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Y. S., F. G., and L. D. contributed to the conception and design of the study. L. D., F. G., X. L., Z. C., Y. W., Q. W., X. C., and J. S. contributed to the acquisition and analysis of data. L. D., F. G., and Q. W. contributed to drafting the text or preparing the figures.

Corresponding authors

Correspondence to Qiong Wang or Feng Gao.

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Ethics approval and consent to participate

Approval for the study was granted by the Ethics Committee of the First Affiliated Hospital of the University of Science and Technology China (2019KY-26, 2023KY-117), based on informed consent.

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Not applicable. 

Competing interests

All authors declare that they have no competing financial interests.

Supplementary Information

Additional file 1:

Fig. S1 Levels of fluid biomarkers in different groups defined by WMH status. Fig. S2 Levels of fluid biomarkers in different groups defined by Aβ and WMH status. Fig. S3 Levels of fluid biomarkers in different groups defined by tau and WMH status. Fig. S4 Levels of fluid biomarkers in different groups defined by CMB status. Fig. S5 Levels of fluid biomarkers in different groups defined by Aβ and CMB status. Fig. S6 Levels of fluid biomarkers in different groups defined by tau and CMB status. Fig. S7 Levels of fluid biomarkers in different groups defined by PVS status. Fig. S8 Levels of fluid biomarkers in different groups defined by Aβ and PVS status. Fig. S9 Levels of fluid biomarkers in different groups defined by tau and PVS status. Fig. S10 Levels of fluid biomarkers in different groups defined by lacunes status. Fig. S11 Levels of fluid biomarkers in different groups defined by Aβ and lacunes status. Fig. S12 Levels of fluid biomarkers in different groups defined by tau and lacunes status. Fig. S13 Associations between CSF neuroinflammatory markers and cerebrovascular damage summarized in forest plots. Table S1. Demographic characteristics of the CANDI cohort. Table S2. Associations between features of cerebrovascular damage and neuroinflammation markers. Table S3. Associations between features of cerebrovascular damage and neuroinflammation markers in AD and non-AD (including CU, MCI and Non-ADD) groups. Table S4. R2 in models for separate markers significantly associated with QAlb and WMH volumes.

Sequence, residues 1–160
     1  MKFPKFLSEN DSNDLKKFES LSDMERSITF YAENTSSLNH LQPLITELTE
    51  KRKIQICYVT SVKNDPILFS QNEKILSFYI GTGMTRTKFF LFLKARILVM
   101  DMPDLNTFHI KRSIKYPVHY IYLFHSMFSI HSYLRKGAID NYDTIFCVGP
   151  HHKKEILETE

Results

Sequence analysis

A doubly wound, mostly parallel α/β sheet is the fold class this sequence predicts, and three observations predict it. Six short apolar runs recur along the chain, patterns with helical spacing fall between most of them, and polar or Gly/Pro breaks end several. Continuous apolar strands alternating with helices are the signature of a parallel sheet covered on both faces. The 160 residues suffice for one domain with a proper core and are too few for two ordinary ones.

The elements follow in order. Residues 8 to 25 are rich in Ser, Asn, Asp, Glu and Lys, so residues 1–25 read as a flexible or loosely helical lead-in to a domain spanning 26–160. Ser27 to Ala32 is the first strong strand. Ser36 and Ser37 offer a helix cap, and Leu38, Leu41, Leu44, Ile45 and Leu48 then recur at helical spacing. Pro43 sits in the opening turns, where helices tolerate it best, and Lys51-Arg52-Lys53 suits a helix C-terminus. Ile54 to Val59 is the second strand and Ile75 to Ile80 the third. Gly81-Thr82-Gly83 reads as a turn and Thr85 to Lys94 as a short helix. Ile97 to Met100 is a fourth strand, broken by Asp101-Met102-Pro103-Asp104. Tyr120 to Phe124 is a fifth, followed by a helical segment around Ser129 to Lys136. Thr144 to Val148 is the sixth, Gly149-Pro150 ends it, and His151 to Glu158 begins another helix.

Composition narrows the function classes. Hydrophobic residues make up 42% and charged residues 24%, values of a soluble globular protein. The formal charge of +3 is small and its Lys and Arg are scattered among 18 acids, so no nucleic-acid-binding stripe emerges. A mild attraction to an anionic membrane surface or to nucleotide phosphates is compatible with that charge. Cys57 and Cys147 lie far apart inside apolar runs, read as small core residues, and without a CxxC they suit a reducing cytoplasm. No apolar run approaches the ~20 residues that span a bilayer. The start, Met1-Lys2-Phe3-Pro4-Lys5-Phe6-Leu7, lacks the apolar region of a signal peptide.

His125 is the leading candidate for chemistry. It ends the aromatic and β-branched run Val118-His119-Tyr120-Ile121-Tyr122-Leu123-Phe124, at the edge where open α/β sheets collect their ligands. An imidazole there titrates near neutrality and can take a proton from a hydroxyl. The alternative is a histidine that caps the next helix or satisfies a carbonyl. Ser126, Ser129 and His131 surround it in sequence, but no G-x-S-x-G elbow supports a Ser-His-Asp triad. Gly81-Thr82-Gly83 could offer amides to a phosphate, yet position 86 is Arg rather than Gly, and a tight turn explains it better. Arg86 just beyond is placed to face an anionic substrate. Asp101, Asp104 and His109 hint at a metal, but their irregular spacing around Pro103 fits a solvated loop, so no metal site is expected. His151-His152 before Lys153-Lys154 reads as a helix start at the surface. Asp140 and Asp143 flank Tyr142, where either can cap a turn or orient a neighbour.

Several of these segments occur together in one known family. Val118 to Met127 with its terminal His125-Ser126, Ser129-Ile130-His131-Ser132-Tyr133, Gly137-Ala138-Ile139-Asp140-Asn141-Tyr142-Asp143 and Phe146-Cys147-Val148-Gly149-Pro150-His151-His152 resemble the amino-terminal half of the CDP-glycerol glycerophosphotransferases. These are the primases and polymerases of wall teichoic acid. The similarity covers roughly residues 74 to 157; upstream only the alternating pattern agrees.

Additional file 2.

 Supplementary Methods.

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Dai, L., Lv, X., Cheng, Z. et al. CSF biomarkers of reactive glial cells are associated with blood–brain barrier leakage and white matter lesions. Transl Neurodegener 13, 26 (2024).